It was a near perfect day on the BRT.
I was going to use a shuttle service, but they were not running to Pruitt because the trail head parking lot was closed due to road construction. So my friend, John Shelby, drove with me. We dropped a car a half mile down the road from the Pruitt TH. He dropped me off at Boxely and then started his run 13 miles ahead of me at Steel Creek. This way, we would not run together and maintain the integrity of my unsupported trek.
There were elk at the Boxely starting trailhead which was cool to see. Many people were there taking pictures. A knee-deep water crossing within the first 10 yards was a nice “welcome to the BRT”. The starting temperature was 32 with dense fog for the first 11 miles to Ponca. This is one of the rockiest sections of the trail and would be overgrown in the summer. I refilled my water bottles out of the river at Ponca (Be Free filter bottle). I did not clean my filter from the previous run and it was flowing really slowly and killing time. There were people taking pictures of the rushing water, but I did not interact with anyone as they were all on the bridge away from the trail. It had rained for the entire week prior, so the water was wild. I refueled and took out my poles for the coming miles. I had previously backpacked the next section with my boy, so I was aware of the steepness of the next climbs.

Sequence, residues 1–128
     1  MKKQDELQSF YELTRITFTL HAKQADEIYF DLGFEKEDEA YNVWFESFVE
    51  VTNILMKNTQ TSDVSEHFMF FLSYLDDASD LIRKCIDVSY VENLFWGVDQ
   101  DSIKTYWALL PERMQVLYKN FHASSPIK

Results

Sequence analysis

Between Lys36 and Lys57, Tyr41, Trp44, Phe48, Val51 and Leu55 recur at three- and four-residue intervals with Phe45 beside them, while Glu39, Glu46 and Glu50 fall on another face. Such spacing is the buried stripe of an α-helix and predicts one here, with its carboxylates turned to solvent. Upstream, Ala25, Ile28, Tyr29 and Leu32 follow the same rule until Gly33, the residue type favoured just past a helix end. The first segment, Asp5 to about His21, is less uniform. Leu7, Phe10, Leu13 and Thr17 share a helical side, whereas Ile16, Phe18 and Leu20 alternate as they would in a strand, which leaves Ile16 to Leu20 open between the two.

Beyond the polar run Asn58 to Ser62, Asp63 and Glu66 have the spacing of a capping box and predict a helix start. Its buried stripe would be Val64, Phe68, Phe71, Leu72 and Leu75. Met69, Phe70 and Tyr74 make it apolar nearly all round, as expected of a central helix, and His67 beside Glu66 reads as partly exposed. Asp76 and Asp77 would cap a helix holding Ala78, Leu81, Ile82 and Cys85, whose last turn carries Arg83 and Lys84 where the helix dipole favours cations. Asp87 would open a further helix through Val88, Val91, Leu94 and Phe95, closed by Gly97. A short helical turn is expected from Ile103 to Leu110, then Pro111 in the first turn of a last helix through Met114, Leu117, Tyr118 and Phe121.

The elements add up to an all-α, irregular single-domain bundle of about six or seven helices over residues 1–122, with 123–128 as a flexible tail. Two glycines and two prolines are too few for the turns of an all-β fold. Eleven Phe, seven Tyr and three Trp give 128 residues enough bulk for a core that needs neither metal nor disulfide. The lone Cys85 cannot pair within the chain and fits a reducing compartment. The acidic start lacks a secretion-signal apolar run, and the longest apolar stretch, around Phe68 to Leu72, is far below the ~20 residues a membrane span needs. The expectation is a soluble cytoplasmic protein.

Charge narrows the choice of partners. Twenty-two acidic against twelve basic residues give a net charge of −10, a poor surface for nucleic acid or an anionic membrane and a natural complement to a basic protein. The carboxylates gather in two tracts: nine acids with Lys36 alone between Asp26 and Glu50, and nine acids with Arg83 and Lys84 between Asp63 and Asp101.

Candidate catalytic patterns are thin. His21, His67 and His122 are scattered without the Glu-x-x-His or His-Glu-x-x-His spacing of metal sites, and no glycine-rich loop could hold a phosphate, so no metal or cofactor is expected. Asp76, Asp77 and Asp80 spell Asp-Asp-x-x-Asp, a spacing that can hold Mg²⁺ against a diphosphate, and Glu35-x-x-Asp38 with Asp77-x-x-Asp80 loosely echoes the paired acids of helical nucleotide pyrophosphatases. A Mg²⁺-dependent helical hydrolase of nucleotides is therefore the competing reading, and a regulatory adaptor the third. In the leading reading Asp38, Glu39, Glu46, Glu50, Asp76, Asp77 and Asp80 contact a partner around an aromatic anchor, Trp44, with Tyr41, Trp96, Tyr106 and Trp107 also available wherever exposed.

The fog lifted at Steel Creek (mile 13), and the huge bluffs were now visible. I refilled water again at a creek crossing a few miles past Steel Creek. I pushed the pace on the climbs through mile 23. I was feeling good, the big climbs were over, and I was on track for the overall FKT which was not my original intention. So, I kept pushing. There were a few places that I started down the wrong path or that I had trouble locating the next marker when coming to trail intersections or openings. I had preloaded the route on my watch. (.gpx file from ouachitamaps.com). I filled up one more time at a historic homestead (I can’t remember the name of it). My filter was unproductive, so I filled directly from a crystal clear creek there. Fuel for the day was just gels and drink mix. There was no time to stop for lunch and enjoy the beautiful views.
The BRT is a classic Ozark trail; probably the best in the surrounding states. There are four to five big climbs, very technical, and awesome drops into ravines with rushing water and creek crossings. I wouldn’t want to run the last 6-9 miles in the summer either. There were lots of thorns and overgrowth. There is much less elevation change in the final miles which I was fine with at that point. I’ll be back for the tourist paced edition soon.